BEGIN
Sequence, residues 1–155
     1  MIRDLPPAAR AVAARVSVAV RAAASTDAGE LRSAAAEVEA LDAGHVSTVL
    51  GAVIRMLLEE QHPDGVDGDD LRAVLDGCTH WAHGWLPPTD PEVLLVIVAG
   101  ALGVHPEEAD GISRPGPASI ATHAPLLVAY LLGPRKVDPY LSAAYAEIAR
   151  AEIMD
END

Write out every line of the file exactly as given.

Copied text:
Sequence, residues 1–155
     1  MIRDLPPAAR AVAARVSVAV RAAASTDAGE LRSAAAEVEA LDAGHVSTVL
    51  GAVIRMLLEE QHPDGVDGDD LRAVLDGCTH WAHGWLPPTD PEVLLVIVAG
   101  ALGVHPEEAD GISRPGPASI ATHAPLLVAY LLGPRKVDPY LSAAYAEIAR
   151  AEIMD